If an expense was incurred during the marriage but will no longer exist after the divorce or the expense will be reduced in the future then that expense should be eliminated or adjusted in your monthly budget.  Many expenses will need to be adjusted.  For instance, if you are not the spouse that provides health insurance, it will be important for you to get quotes on how much your health insurance will be post-divorce since you will not be able to remain on your spouse’s health insurance.  If you have an older vehicle that will likely need to be replaced in the near future then you will likely want to include a reasonable amount for a future loan payment to replace that vehicle.  You will want to include student loan payments.  Student loans are typically the responsibility of the spouse that acquired the loan, regardless of whether it was incurred during the marriage to pay for family expenses.  If you typically contributed to retirement and other savings plans, those expenses can also be considered.

When determining future housing expenses, each party should do the research to determine what that amount will be since it will likely change.  If one spouse intends to keep the marital residence but will be required to buy out the other spouse’s interest, the mortgage payment will go up.  Or if you intend to sell your home, you will want to figure out what funds you will have for a down payment, the home price range that you can afford, and the amount of your mortgage payment.  There is a wide range of mortgage calculators that you can use to help with this process.  Also, depending upon the amount of time the children are spending with each parent, budgets for each parent may be different.  Lastly, if the budgets are contested, it will be critical to gather the financial documentation to support the amount of claimed expenses.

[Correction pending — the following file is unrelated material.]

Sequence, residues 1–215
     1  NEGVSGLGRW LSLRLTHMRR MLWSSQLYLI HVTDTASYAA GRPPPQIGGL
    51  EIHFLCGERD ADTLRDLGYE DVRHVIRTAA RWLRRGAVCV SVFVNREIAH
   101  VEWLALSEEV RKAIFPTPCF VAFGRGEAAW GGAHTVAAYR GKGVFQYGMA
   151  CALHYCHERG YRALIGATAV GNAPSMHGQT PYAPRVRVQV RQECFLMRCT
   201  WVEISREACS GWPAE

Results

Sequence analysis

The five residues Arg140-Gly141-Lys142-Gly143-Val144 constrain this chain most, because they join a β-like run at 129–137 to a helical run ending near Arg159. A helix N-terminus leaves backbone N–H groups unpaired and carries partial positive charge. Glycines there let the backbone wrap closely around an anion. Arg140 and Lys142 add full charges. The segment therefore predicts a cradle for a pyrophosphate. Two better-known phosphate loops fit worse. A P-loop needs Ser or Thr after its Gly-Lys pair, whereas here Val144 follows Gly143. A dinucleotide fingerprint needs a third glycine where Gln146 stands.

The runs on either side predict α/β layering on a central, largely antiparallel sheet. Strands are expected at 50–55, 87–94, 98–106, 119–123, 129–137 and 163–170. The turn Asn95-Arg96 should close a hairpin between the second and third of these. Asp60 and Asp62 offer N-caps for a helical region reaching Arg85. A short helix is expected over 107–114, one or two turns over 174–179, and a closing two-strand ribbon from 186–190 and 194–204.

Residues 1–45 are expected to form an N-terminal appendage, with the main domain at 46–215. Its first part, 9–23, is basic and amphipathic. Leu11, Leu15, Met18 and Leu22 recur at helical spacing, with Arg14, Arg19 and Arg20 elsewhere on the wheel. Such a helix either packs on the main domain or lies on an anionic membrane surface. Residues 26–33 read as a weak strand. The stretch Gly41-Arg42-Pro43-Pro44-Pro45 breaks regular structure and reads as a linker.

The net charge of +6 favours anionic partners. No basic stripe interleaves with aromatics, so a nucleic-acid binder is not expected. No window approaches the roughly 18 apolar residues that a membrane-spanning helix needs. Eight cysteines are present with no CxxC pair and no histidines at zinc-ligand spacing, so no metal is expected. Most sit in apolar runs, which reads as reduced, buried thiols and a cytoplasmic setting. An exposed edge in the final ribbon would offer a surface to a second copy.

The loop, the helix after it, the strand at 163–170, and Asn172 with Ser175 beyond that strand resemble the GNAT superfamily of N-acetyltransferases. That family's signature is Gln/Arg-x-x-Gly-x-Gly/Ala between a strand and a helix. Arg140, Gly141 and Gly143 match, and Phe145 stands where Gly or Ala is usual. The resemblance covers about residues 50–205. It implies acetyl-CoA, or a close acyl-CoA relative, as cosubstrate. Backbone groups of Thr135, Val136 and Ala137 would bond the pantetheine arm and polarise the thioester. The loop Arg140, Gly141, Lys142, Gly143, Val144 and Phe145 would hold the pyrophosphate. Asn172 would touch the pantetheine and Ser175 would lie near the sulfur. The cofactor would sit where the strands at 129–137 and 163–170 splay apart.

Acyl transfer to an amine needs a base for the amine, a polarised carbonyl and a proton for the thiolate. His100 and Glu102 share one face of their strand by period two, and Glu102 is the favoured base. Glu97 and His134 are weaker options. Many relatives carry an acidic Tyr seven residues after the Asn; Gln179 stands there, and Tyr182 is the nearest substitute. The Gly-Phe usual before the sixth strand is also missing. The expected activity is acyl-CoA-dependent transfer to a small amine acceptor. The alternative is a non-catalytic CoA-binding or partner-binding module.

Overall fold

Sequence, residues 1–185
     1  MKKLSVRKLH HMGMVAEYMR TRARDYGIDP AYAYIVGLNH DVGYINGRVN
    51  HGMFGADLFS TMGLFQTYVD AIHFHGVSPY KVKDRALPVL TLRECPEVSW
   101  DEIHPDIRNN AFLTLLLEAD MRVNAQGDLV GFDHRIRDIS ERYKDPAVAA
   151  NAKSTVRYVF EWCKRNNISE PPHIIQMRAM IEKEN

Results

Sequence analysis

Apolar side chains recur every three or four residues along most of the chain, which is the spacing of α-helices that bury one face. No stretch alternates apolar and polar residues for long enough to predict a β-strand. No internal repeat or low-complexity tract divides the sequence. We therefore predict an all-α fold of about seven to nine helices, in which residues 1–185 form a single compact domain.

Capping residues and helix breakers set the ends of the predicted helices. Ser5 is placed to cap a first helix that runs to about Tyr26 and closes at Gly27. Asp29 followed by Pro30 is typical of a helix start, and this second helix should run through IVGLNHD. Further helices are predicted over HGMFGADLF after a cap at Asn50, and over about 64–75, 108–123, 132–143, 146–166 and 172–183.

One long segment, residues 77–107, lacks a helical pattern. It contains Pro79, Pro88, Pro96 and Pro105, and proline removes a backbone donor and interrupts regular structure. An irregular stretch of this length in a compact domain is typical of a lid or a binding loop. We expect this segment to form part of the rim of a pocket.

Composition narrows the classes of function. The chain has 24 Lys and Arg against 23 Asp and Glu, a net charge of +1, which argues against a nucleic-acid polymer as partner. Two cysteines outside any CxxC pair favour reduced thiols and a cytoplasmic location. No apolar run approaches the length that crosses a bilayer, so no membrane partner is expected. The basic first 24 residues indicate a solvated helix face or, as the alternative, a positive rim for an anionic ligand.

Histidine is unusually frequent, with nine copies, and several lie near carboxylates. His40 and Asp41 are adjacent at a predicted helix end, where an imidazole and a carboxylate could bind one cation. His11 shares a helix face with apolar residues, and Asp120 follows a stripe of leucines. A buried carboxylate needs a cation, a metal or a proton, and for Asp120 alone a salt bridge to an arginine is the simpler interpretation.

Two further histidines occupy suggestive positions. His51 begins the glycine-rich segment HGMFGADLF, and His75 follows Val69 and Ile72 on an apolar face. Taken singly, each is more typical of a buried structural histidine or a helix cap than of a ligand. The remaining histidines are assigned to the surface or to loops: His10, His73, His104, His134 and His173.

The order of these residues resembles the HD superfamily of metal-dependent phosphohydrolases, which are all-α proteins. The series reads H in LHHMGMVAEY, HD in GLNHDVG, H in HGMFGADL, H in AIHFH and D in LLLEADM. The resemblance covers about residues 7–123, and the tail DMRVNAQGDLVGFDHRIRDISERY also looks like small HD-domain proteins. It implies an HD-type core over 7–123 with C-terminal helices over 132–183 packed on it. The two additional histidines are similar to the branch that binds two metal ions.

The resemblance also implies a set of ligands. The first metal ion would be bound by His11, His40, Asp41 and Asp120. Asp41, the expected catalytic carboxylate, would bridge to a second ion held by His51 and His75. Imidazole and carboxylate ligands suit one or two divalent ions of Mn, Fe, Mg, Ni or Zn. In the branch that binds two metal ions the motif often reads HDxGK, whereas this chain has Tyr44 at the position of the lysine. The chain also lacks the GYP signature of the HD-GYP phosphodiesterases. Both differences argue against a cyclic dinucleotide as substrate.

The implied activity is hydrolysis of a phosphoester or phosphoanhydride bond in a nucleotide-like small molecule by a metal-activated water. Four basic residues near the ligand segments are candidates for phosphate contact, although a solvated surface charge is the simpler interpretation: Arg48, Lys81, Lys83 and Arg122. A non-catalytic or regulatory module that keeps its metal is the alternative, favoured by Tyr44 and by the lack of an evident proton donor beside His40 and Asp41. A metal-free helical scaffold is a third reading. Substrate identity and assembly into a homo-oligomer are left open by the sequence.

Depending upon the complexity of your situation, you might want to consider hiring a forensic accountant or certified divorce financial advisor to help review your financial records and create your budget.  Accurately creating your budget can feel overwhelming but it is one of the most important tasks to complete in your divorce.

 

Determining Incomes

Determining the incomes of each spouse can be relatively simple if you both worked during your marriage but there are a few principles that are often misunderstood.  The  Utah child support statute provides that child support is based on a 40-hour workweek.  However, if a spouse has historically worked overtime or received bonuses then that additional income should be included when calculating that spouse’s gross monthly income.

If the recipient spouse remained home to be a full-time caretaker for the children but is capable of working, then that spouse will likely be imputed income.  The question that must be answered is what is that spouse capable of earning?  Any income imputation is based on education, work history, occupation qualifications, employment opportunities, and the prevailing earnings for persons of similar backgrounds in the community.[5]